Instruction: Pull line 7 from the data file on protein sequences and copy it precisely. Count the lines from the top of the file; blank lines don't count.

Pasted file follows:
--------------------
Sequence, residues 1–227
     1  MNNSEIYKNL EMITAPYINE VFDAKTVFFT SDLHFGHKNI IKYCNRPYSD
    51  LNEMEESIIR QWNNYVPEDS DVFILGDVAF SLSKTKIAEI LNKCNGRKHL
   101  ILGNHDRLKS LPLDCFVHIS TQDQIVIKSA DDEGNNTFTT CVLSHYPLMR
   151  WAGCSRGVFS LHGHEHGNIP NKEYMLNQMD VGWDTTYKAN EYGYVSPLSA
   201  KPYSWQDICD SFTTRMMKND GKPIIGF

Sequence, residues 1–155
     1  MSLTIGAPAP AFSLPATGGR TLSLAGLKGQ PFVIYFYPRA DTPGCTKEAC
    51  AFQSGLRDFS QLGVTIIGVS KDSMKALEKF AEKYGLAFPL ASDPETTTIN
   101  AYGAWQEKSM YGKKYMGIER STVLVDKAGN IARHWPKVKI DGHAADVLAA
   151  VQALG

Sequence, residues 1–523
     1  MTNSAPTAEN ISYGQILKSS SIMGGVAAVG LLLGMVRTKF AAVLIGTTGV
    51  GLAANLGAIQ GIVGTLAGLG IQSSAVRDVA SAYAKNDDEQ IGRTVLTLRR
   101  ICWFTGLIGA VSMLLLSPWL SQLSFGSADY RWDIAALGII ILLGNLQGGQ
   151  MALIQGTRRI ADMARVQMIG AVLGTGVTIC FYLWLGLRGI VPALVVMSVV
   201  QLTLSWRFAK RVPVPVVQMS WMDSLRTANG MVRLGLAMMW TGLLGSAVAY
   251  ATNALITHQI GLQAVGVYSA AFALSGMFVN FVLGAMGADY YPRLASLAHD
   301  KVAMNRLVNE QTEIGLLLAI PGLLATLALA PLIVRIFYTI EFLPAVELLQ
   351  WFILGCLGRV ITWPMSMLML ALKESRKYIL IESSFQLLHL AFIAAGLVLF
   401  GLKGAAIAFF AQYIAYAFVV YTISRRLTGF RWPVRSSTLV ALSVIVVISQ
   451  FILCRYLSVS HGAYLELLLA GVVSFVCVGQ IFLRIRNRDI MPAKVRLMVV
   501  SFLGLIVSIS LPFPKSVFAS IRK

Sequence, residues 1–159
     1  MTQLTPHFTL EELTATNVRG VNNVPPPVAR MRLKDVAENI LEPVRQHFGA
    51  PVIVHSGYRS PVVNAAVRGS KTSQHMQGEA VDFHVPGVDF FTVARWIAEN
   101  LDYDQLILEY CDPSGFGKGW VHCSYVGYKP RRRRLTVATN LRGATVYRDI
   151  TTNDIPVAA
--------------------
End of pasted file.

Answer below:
Sequence, residues 1–155